Molly Watson

Lunch Meat: Know Your Label Lingo

deli meat


Back-to-school season is in full swing, and that means filling those lunchboxes. Packing healthy lunches (that don’t secretly end up in the trash) can be a challenge, so as you head to the deli aisle and consider the options for sandwich fillings this fall, keep these label terms in mind.



“Light” / “Lite”

Processed or deli meats labelled “light” or “lite” must contain at least a third fewer calories (or 50 percent less fat) than the regular version of that meat. Labels often list specifics (how much lower in calories or fat than the regular version) in fine-print on the label. If you’re concerned about your caloric or fat intake, however, be sure to check the total amount. Just because there’s, say, half the fat, it doesn’t necessarily mean there’s not still a significant amount in there.


The American Heart Association recommends limiting your total daily fat intake to no more than 56 to 78 grams a day, with no more than 16 grams of that being saturated fat, which tends to be high in many deli meats. Those guidelines are for adults averaging a 2,000 calorie per day diet; for kids, the recommended limit is proportional.



“99% Fat Free”

The number on the label may be “99%,” or it may be less (e.g., 97 percent). What’s important is the difference between that number and 100, because that’s how much fat is in there. (Thus, “97% fat free” means the meat is 3 percent fat). Some consumer advocates want any claims under “97% fat-free” to be illegal, since something that is 4 percent fat or greater isn’t a low-fat product, and the use of “fat-free” on the label implies that it is. As always, read the nutrition label for full details so you know how much fat is in the product and whether that’s a good choice for you and your family.



“Extra Lean”

As with the “fat-free” and “light” labels, the claims of “extra lean” are only in comparison to other products. Read the nutrition label for the actual fat content.



“Reduced Sodium”

Deli meats are notoriously high in salt, which both adds flavor and acts as a preservative. The questions the savvy consumer needs to ask are “how much lower?” and “lower than what?” Anything labeled “reduced” or “less” sodium needs to be at least 25% less than the standard version of that meat. Labels reading “low sodium” (less than 140 milligrams of sodium per servings), “very low sodium” (less than 35 milligrams), and “sodium free” (less than 5 milligrams) rarely apply to deli meats. Check the nutrition label for the exact amount of sodium per serving if sodium intake is a concern for you.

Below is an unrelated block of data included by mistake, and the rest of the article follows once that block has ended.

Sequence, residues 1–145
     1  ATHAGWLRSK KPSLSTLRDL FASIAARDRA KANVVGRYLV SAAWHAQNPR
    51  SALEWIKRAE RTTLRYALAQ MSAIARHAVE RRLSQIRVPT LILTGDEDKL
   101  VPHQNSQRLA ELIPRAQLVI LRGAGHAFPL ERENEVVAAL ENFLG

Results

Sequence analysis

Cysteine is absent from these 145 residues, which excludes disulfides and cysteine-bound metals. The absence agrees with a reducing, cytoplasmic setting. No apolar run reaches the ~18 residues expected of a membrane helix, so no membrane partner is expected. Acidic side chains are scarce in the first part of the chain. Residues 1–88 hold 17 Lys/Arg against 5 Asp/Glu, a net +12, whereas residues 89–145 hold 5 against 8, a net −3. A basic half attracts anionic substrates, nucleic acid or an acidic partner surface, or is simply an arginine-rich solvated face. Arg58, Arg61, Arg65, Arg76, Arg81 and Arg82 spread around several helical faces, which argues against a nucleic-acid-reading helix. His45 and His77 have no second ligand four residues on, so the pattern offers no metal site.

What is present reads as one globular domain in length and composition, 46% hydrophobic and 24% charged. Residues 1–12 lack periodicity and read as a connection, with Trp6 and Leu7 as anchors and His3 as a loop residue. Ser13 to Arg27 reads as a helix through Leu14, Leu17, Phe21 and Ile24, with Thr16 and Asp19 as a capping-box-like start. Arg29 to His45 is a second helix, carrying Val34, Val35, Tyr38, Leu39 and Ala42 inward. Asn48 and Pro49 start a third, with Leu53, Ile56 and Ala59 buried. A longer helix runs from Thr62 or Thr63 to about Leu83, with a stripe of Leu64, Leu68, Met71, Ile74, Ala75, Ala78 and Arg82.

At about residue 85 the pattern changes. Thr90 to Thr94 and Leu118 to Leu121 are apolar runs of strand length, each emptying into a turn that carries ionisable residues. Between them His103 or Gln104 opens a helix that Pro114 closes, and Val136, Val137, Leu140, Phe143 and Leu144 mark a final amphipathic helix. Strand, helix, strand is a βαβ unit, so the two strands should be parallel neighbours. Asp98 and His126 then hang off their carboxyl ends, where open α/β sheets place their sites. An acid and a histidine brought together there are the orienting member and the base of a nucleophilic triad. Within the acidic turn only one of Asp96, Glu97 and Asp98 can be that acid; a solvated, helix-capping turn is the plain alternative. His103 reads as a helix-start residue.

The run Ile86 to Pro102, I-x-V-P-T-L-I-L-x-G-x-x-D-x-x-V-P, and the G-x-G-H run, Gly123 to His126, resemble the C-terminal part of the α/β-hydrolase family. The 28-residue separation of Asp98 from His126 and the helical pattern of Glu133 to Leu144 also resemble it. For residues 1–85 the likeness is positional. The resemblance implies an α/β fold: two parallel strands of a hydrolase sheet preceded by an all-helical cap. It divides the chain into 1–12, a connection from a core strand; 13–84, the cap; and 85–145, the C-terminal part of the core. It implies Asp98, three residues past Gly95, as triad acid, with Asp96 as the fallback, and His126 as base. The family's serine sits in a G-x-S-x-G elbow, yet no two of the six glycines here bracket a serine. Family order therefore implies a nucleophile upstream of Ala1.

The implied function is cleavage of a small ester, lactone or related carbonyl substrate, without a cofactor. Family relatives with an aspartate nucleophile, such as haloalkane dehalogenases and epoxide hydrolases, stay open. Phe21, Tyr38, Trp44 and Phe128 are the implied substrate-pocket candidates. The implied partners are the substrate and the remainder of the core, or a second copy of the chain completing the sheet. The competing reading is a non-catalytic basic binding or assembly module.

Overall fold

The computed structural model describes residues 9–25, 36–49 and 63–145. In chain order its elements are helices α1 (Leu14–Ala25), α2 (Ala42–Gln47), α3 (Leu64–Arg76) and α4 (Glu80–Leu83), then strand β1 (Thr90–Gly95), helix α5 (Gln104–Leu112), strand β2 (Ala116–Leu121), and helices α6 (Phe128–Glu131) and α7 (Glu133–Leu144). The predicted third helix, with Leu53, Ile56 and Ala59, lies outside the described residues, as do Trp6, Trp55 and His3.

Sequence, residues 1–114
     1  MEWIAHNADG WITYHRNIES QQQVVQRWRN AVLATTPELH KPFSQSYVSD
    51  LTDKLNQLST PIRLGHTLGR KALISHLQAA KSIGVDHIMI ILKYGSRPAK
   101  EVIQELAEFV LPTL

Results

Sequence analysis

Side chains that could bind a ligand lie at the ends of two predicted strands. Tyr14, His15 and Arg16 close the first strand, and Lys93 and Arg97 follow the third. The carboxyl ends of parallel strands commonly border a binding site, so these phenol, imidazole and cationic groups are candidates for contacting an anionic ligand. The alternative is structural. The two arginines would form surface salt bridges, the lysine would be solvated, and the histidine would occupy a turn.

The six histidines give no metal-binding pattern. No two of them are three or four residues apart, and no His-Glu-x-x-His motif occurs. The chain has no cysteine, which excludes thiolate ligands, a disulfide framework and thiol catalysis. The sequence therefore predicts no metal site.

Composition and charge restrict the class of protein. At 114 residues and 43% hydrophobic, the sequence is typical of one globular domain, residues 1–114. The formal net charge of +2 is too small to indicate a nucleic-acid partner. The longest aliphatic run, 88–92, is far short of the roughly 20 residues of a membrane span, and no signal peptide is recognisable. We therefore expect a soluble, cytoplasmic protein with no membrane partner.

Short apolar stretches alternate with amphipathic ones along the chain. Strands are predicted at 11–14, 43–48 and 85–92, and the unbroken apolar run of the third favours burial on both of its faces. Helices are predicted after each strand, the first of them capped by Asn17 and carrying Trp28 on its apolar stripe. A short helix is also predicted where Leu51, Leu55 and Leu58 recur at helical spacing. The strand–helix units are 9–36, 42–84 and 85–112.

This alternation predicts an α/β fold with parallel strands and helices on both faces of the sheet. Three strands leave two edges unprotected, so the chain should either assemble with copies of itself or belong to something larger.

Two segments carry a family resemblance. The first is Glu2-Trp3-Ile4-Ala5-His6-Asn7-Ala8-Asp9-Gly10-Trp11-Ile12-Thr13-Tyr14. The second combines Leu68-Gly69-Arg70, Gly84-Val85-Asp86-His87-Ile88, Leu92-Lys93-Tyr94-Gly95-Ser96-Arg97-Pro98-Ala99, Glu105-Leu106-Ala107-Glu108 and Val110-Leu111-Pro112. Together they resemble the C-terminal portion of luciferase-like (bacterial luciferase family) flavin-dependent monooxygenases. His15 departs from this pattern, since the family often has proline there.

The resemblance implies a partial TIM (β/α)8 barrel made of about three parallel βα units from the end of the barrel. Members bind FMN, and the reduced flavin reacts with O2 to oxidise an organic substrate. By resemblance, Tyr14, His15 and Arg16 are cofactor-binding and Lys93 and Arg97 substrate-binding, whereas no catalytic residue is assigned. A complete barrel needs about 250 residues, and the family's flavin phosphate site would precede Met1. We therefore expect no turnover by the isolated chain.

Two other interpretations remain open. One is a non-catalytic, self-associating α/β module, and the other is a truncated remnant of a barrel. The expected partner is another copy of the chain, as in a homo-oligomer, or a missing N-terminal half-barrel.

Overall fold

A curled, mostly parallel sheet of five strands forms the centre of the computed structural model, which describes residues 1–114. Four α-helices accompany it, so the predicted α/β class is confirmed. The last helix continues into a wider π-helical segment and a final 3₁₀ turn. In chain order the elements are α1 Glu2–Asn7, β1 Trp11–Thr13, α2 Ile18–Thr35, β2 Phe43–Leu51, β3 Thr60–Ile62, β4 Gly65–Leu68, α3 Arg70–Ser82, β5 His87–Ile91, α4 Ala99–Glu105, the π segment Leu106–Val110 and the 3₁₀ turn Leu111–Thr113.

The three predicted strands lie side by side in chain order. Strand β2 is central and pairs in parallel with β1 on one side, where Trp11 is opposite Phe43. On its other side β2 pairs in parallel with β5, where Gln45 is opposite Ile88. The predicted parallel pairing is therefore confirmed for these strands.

“Nitrate-Free” / “Nitrite-Free”

Nitrates are used to help preserve deli meats, especially salami and other cured meats. Traditionally, the nitrate in salt used to cure meats helps maintain the pink color and enhances flavor. During the curing process, the nitrate transforms into nitrite. Many processed meats are now made with the addition of synthetic nitrates; organic products use natural nitrates (usually from a combination of celery and salt). In short, all cured meats, such as salami, contain some amount of nitrites when all is said and done.


Many people choose to avoid nitrates/nitrites because our digestive systems can convert them into nitrosamines, which have been linked to colon and gastric cancers. Sliced deli meats, such as ham, roast beef or turkey, shouldn’t have had nitrates added in the first place. This is a case where reading the list of ingredients should give you the information that you need.



“American Heart Association”

Foods labeled with the American Heart Association logo are low in total fat, saturated fat, trans fat, cholesterol and sodium. They are also high in calcium, iron, fiber, protein, or vitamins A and C (for deli meats, this means high in protein!).



“Oven Roasted”

You see the phrase “oven roasted” on lots of deli meat packages. It brings to mind the image of a Thanksgiving turkey or Easter ham being lovingly removed from the oven by a grandmother and brought with pride to the table, doesn’t it? As you might imagine, that isn’t the case with deli meats. Oven roasted they may be, but in large industrial ovens and in big batches. While roasting is generally a healthier way to cook meats than frying, deli meats are traditionally roasted, steamed, baked or poached — not fried. The “roasted” description is usually used to call attention to turkey or chicken that is roasted instead of poached or steam-cooked, resulting in what most agree is better flavor.



“HHP” / “High-Pressure Processing”

While this may not be listed on deli-meat labels, it is a relatively new way of preserving deli meats without nitrates or other preservatives. The meat is packaged and then put under such pressure (equivalent to deeper than the ocean floor) that any pathogens burst and die. Think of it as vacuum sealing times ten.




Shop smarter! Check out all our “Know Your Label Lingo” articles!



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